This is a Russia travel blog, but I guess it’s also just a Russia blog more generally sometimes.  Oh, screw it, there’s no justification.  I just made a neat cake and I wanted to share it.

It’s a cake called medovik, or honeycake.  It does have honey it in, but not very much.  Perhaps a more apt description would be to call this a butter cake because it’s pretty much all butter.  It is a layered cake of biscuits and cream.

The first thing you do is make caramel out of condensed milk.  You do this by taking two cans of condensed milk, removing the labels, and putting the whole, unopened cans in boiling water for at least two hours.  I realize this can seem scary, and the Internet will warn you that there is a small chance of explosion.  I’m beginning to think that’s a myth, though.  Just keep the level of water above the cans and you’ll be fine.  Really.

After the two hours in the water, something magical happens to the condensed milk.  It turns dark, gooey, and nearly solid.  The longer you boil, the darker it gets.  This is today’s version:


After you’ve done this and the cans have cooled, set aside.

Now you make the “biscuit” part of the cake.  In an aluminum bowl, mix 3 eggs, 1 cup of sugar, 1 tablespoon of honey, 7 tablespoons of salted butter (see? I said it was buttery) and 2 teaspoons of orange flower water.  The orange flower water is not traditional, but I really like its aromatic aftertaste.

Preheat your oven to 375 degrees.

Put the aluminum bowl over a pot of boiling water and whisk the ingredients together while the butter melts.  It takes less than five minutes.  Then whisk in one tablespoon of baking soda.  Something really neat happens here– the mixture turns light-colored and increases in volume.  I would have taken a photo but I didn’t have the idea to make this a blog post yet.  Sorry about that.

Just after the mixture does that neat thing, take it off the heat.  Then, gradually, add three cups of flour to the mixture.  What you’ll get in the end will be a very sticky dough.  Butter your hands and divide the dough into 5 or more balls.  This part depends on how high you want your cake to be and the size of your plate.  Today I intend to fit my cake into my pie-carrier, so I had to make the balls smaller.  Therefore, there were more of them.


Press each ball into a flat circle, like this:


And bake it until it just turns brown, about 5 minutes:


Now, once you’ve got them all baked, trim them into circles such that they are all the same size.

медовик medovik

Take the scraps from your trimming and grind them into crumbs.

медовик medovik

Now, scoops out the luscious boiled-condensed-milk and blend it with one cup of butter and one-and-a-half teaspoons of orange flower water.  I used the Kitchenaid with the whisk attachment.  I think you could also use a blender.  Assemble the cake by spreading a layer of the condensed-milk cream in between each round biscuit.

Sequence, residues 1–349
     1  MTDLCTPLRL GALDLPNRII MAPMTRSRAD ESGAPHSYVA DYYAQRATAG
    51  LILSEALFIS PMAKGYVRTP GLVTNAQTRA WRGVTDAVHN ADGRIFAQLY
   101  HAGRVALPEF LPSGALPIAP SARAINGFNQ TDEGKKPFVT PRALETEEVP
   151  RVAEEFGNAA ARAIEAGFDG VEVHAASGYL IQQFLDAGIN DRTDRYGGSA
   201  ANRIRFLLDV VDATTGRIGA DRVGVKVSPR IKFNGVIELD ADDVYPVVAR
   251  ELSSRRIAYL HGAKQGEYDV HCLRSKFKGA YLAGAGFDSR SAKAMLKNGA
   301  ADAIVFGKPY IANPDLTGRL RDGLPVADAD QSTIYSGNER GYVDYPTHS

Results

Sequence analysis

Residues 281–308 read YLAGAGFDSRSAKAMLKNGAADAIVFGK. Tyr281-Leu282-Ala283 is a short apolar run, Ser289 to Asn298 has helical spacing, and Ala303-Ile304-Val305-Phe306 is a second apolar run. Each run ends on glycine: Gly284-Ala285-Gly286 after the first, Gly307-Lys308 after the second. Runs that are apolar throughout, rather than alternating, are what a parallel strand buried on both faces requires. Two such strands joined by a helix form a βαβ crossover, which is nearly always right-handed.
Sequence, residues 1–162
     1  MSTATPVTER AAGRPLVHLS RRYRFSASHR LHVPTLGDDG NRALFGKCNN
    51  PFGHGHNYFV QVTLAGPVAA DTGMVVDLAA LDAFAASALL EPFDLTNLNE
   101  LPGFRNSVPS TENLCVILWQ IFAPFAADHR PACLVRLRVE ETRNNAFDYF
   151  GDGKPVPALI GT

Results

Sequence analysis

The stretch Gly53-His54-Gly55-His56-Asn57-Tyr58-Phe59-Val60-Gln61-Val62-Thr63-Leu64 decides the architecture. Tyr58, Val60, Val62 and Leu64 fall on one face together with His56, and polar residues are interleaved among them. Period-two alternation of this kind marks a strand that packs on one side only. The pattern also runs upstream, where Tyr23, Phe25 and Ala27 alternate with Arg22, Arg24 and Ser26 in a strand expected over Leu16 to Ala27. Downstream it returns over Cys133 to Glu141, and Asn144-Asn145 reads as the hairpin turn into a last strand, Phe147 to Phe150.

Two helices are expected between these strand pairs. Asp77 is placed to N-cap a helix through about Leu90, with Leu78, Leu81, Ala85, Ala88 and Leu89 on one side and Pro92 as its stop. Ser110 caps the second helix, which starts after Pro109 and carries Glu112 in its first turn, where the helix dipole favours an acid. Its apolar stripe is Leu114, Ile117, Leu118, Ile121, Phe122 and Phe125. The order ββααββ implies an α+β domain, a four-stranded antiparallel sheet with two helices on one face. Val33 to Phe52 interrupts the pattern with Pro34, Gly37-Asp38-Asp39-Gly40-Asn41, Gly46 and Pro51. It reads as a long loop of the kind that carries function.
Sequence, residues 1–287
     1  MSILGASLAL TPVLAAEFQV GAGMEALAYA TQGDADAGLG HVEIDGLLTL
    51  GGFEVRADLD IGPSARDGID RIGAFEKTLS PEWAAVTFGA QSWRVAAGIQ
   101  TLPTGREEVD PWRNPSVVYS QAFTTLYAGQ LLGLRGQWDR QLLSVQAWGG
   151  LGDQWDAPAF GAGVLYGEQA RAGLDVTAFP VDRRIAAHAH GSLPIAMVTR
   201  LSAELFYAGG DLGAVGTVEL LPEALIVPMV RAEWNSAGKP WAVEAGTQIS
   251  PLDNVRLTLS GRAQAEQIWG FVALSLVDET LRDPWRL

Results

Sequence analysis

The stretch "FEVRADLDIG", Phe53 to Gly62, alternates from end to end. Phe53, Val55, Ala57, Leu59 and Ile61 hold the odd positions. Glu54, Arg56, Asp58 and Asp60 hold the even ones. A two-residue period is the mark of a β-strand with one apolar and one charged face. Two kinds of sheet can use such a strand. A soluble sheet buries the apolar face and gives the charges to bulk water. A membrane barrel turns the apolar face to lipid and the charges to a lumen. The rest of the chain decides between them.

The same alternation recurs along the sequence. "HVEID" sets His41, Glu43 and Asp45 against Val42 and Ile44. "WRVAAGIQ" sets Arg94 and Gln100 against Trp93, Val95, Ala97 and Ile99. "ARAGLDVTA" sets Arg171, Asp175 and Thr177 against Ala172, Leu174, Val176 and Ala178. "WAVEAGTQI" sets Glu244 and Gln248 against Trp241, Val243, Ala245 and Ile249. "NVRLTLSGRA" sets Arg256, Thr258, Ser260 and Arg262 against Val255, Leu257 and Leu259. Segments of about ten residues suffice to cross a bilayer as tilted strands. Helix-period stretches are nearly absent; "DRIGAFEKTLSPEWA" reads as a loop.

медовик medovik

Once you’ve layered everything, press the biscuit crumbs into the top and sides of the cake.  Now you’re done!  This cake is better if it sits overnight– that lets the cream sink into the biscuits– but it’s not like it’s bad to eat the same day.

медовик medovik

Recipe for medovik (медовик):

The cream:

  • 2 cans sweetened, condensed milk
  • 1 cup salted butter
  • 1 1/2 tsp orange flower water

Boil the unopened cans in water for at least two hours. After cooling, scoop out insides and mix with the butter and the orange flower water.

The cake:

  • 3 eggs
  • 1 cup sugar
  • 1 tbsp honey
  • 7 tbsp salted butter
  • 2 tsp orange flower water
  • 1 tbsp baking soda
  • 3 cups of white flour

Preheat the oven to 375º.

Whisk the eggs, sugar, honey, and orange flower water in an aluminum bowl.  Add in cubed butter.  Place bowl over a pot of rapidly boiling water and continue whisking, until all the butter is thoroughly melted.  Add the baking soda and continue whisking until the mixture is lighter in color and has increased in volume, about one minute.

Remove the mixture from the heat and gradually add 3 cups of flour.  Butter hands and divide the dough into fiver (or more) balls.  Using parchment paper, press each ball into a flat round.  Bake each round until browned, about 5 minutes.  Trim each round, reserving the scraps.  Grind the scraps into crumbs and set aside.

Spread cream on each round and layer into cake.  Press the crumbs into the top and sides of the cake to disguise the seams. For best results let sit overnight.



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